About 10 years ago, programmatic advertising was but a twinkle in the eye of some Silicon Valley bods, determined to bring about a sea change to digital advertising transactions.
They were unaware, perhaps, of the flood that opening this sluice would bring to AdLand, nor the landscape that would remain when the new tide washed away.
For those unversed in the complex workings of programmatic, Attila Jakab, managing director of Infectious Media, offers a translation. “Real time bidding, or programmatic media buying, is an automatic transaction very similar, actually, to how shares are traded,” he says. “It’s effectively an auction, transparent to all buyers.”
An advertiser predefines purchase criteria based on the desired audience it would like to reach – be it age, gender or location (at a macro scale), or far more refined, such as particular publishers, income, or previous interaction and interests. “Based on all the previous instances of buying similar users I know how much I should be paying for it,” says Jakab. So in real time – under 15 milli-seconds – the algorithm makes calculations of how much I should be paying for the spot. So when we send the bid, everyone else sends their bid, and the highest bidder wins the auction.”
Infectious Media has been there since the start of the programmatic revolution, and Jakab has watched it evolve with Darwinian guile. After seeing the search advertising boom disrupt traditional agencies, the Infectious founders caught wind of programmatic as it emerged stateside. “Back then it was caled real-time bidding,” says Jakab. “And they looked at it and wondered if the same thing would happen to programmatic as it had done with search.”
It was a foresightful bet, and today Infectious Media is a global market leader in the field, assigning itself the unenviable task of refining efficiency.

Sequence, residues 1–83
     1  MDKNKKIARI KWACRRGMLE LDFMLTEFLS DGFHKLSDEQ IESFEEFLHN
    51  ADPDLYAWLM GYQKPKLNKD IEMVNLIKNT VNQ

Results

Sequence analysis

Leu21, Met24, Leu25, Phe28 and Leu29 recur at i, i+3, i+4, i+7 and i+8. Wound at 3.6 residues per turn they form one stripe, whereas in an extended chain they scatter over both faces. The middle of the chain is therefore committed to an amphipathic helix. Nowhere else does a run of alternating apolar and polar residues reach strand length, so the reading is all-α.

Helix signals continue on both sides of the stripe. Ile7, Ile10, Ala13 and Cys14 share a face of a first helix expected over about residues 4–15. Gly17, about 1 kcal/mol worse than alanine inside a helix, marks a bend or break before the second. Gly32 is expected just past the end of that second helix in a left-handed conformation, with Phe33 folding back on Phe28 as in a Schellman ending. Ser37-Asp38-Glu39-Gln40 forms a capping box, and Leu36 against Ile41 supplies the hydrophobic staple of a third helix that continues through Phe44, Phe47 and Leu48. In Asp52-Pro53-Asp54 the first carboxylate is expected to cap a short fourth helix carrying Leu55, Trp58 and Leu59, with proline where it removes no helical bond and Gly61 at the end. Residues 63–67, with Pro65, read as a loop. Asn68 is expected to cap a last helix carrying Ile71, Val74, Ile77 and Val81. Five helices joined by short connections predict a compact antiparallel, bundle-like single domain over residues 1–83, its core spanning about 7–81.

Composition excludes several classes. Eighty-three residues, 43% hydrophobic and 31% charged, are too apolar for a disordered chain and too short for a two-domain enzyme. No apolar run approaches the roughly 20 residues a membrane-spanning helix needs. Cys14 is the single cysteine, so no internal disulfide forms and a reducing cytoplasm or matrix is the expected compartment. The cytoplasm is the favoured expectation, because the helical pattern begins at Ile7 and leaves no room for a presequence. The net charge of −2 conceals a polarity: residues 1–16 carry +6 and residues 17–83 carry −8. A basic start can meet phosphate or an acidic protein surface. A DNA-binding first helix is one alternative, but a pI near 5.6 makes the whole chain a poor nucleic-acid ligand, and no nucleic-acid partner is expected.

Since its inception a plague of programmatic has been ad viewability and wastage. When a bid is won, advertising is displayed across a number of panels on the page, some of which requires the user to scroll down to see. But if the user doesn’t scroll down the page, because the data has been downloaded, it counts as an impression – even though he never saw the ad.
“Viewability measurement is something that’s incredibly important,” says Jakab. “Everyone keeps quoting this stupid quote that: ‘50 per cent of my advertising spend is wasted.’ Which half? In reality, whether TV, radio or print, all of them have some wastage, but there’s no way for you to quantify it.
“The beauty of digital has always been that you are able to track, and to understand more accurately. One thing that was missing from the display advertising channel was the understanding of ‘was my ad actually visible on the user’s screen?’
“You used to get credit for just sending an ad to someone’s machine, without them even looking at it. When you get credit for that… do you see where the problem is? [It feels like you’ve cheated?] Yes, exactly. So when viewability measurement became available, we were one of the first companies to integrate the technology.”
The minute technical details of the software are far too advanced for a short feature, but essentially, Jakab wanted to stop taking credit for coincidental impressions. “What you get is an understanding of whether the ad was visible, and for how long. But because we connect this information on an impression by impression level, we can actually filter out all the conversions from users who never saw a visible ad.”
Infectious Media has had a relationship with Waitrose for some time – it was one of the first UK supermarkets to use programmatic, but it wanted to develop a way of improving its advertising to maximise sales, by identifying the right number of viewable ads to target.
The study analysed the difference in conversion rate between viewable and non-viewable ads, and found them to be exactly the same, meaning that regardless of whether a customer had seen an ad or not, they would still have purchased. “We looked at the data and thought, ‘shall we just go home?’” chuckles Jakab. By adjusting the frequency of ads to those who failed to convert, Infectious produced a magic number of ads to serve: “everything that’s under four visible ads per month is a waste. In this scenario, 90 per cent of what you’re spending on targeting once, twice, three times, is waste.” By identifying the right number of viewable ads to show customers per month, Waitrose saw a 365 per cent uplift in revenue from incremental sales over three months. “At the moment, you have thousands of advertisers globally working on the old method, which means that a massive proportion of their budget is simply wasted. It never achieves anything. We are pretty much the only people shouting about this – it’s not good enough. We need the Googles and Facebooks to take it up.”